Monday, May 26, 2014

Communicating Math: Amicable Numbers

Amicable numbers are two numbers whose factors, not including the number itself, add up to the same value. For instance, since the time of Pythagoras, 220 and 284 is a common example of a pair of numbers that are amicable. If we add up the factors of 220 and remember not to include 220 we get
1+2+4+5+10+11+20+22+44+55+110 = 284.
Similarly, if we add up the factors, expect itself, of 284 we yield
1+2+4+71+142 = 220.
To find other pairs of amicable numbers, Thabit ibn Qurra came up with some general formulas to do so. If
T(n)=3*(2^n) - 1 (also known as the 321 number),
T(n - 1)=3*(2^(n - 1)) - 1,
9*(2^(2n - 1)) - 1
are prime numbers, then the numbers
(2^n)*T(n)*T(n - 1)
(2^n)*(9*(2^(2n - 1)) - 1)
are amicable. 

As of today, the only values of n that give us amicable numbers following Thabit's stipulations are 2, 4, and 7. On the other hand, these formula's don't work for the thousands of amicable pairs that have been found in recent years. One example is the pair of 1184 and 1210. We are not able to get these two numbers from an integer value n by following Thabit's rules, yet they are still amicable.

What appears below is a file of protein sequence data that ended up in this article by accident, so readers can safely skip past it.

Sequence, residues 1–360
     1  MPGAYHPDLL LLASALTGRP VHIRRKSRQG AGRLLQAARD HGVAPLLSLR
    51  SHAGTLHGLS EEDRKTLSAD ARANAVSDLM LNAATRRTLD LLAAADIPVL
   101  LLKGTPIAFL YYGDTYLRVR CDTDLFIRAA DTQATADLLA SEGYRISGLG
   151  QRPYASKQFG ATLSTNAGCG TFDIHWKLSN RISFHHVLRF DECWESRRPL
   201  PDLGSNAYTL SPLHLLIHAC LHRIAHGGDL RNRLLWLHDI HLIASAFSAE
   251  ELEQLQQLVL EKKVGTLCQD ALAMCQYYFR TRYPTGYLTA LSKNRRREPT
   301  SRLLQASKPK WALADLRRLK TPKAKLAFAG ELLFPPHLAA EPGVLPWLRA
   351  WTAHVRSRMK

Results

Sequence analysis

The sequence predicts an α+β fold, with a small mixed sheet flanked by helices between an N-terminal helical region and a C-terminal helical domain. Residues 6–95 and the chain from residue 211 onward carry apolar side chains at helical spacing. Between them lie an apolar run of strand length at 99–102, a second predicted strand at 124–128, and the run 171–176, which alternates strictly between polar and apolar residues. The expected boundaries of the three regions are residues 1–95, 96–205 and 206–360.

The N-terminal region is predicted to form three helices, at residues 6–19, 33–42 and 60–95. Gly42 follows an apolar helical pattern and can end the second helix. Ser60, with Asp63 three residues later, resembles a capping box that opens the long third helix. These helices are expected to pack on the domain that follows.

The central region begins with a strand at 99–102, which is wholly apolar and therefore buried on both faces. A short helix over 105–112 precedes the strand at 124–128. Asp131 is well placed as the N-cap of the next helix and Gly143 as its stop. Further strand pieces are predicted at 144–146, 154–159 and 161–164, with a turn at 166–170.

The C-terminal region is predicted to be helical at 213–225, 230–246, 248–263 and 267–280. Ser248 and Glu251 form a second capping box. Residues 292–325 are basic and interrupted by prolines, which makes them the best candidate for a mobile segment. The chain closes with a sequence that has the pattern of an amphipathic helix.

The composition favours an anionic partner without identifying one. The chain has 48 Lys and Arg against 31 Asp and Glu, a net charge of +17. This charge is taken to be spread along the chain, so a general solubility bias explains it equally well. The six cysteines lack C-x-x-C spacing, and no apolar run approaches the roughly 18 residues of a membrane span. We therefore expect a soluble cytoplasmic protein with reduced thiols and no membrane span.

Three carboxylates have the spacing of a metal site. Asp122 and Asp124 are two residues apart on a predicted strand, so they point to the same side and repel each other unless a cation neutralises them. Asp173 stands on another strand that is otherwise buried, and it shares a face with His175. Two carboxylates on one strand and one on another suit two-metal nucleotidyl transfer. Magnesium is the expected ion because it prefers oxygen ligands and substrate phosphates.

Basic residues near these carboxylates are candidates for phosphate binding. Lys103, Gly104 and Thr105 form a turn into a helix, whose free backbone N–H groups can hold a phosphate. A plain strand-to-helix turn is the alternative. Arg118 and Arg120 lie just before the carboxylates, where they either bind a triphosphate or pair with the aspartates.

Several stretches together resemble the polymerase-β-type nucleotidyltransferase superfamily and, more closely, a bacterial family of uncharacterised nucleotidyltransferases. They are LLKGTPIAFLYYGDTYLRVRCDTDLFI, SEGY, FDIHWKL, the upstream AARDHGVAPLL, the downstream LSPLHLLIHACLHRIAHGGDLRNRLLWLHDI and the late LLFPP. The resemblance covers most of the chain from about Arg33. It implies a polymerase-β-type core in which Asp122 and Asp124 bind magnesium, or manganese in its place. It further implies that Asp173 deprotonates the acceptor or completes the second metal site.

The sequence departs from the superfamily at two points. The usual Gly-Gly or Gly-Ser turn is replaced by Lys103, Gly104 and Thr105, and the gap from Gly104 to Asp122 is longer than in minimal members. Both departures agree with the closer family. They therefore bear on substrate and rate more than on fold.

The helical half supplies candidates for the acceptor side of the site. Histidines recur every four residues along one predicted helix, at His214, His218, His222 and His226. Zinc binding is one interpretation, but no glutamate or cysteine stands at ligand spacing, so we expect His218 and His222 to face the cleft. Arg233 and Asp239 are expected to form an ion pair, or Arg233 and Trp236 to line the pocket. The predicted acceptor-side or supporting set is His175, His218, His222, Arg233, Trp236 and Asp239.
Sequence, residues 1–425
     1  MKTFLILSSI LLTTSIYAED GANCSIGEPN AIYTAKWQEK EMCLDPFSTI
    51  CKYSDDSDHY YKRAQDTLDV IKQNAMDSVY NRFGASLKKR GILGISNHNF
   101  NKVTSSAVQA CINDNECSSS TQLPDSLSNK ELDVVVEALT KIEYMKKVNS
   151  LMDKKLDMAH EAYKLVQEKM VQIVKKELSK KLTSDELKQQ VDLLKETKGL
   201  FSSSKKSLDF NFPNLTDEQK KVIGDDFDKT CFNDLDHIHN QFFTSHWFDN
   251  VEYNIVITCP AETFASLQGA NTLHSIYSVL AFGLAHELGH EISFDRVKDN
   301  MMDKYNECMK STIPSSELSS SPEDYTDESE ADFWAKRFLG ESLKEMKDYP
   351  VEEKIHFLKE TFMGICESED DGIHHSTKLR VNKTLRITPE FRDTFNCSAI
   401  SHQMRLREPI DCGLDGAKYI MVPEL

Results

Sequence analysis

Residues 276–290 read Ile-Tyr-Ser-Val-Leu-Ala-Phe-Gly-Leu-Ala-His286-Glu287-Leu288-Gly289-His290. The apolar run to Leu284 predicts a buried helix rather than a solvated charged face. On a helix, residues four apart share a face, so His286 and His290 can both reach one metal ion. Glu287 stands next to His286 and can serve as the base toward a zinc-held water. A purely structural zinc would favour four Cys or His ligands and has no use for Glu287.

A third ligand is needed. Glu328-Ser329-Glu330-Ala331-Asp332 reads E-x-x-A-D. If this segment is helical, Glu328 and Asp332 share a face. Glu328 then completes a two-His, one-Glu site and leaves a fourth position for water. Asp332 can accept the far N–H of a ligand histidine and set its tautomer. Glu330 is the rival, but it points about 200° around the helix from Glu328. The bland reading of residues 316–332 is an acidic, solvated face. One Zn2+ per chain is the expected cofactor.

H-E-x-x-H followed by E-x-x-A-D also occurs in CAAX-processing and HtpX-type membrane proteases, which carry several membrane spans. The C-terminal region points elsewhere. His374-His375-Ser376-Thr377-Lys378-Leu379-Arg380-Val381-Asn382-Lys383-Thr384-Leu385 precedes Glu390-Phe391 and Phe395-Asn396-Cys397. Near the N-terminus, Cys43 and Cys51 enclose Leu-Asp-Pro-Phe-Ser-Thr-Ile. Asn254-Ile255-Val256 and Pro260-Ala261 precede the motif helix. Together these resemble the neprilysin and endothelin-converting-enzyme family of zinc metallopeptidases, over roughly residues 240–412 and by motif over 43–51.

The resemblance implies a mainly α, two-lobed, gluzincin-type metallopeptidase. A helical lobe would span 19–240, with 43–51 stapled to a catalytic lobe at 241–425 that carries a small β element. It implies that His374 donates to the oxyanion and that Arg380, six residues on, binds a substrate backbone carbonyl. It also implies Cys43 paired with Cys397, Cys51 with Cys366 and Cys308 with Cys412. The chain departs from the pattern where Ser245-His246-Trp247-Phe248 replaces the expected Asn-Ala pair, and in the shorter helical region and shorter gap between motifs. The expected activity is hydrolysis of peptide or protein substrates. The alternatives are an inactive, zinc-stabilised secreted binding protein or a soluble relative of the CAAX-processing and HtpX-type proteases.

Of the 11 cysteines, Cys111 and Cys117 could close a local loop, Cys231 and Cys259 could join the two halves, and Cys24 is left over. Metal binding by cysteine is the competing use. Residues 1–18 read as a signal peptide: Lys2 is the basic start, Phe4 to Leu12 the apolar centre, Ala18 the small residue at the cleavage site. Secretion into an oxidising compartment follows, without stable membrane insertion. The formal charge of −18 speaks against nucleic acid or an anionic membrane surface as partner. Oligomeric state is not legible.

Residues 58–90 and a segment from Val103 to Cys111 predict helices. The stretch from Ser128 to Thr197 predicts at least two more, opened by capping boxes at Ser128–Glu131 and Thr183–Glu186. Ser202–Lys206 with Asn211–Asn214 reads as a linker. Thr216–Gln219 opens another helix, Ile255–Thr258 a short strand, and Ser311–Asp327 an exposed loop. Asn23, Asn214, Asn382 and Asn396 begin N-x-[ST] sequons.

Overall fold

It is interesting to think about why someone would first think to add up factors of a number and try to match the sum of factors for another number. Hundreds of thousands of pairs have been found but will there ever be a sure fire formula that provides two amicable numbers? Are there infinitely many pairs of amicable numbers out there? This concept of amicable numbers is kind of an ongoing mystery that keeps mathematicians curious and searching for more answers. 


Sunday, May 18, 2014

Doing Math: Geometric Tessellation

For this week's post I decided to create a geometric tessellation. You might think drawing repeating patterns would be pretty easy, but as each pattern is added the lines start to cause confusion and mistakes are most likely to be made. My eraser was a much needed tool in completing this tessellation. The one shown below took me about and hour and 45 minutes to make and with the help of just a solo cup and a ruler I must say I am proud of it, though it is not very precise.